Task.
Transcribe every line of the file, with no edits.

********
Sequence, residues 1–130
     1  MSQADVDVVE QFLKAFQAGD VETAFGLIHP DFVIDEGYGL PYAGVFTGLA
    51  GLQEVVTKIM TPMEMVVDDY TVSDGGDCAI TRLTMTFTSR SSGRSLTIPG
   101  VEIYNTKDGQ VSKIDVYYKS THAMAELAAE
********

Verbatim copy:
Sequence, residues 1–130
     1  MSQADVDVVE QFLKAFQAGD VETAFGLIHP DFVIDEGYGL PYAGVFTGLA
    51  GLQEVVTKIM TPMEMVVDDY TVSDGGDCAI TRLTMTFTSR SSGRSLTIPG
   101  VEIYNTKDGQ VSKIDVYYKS THAMAELAAE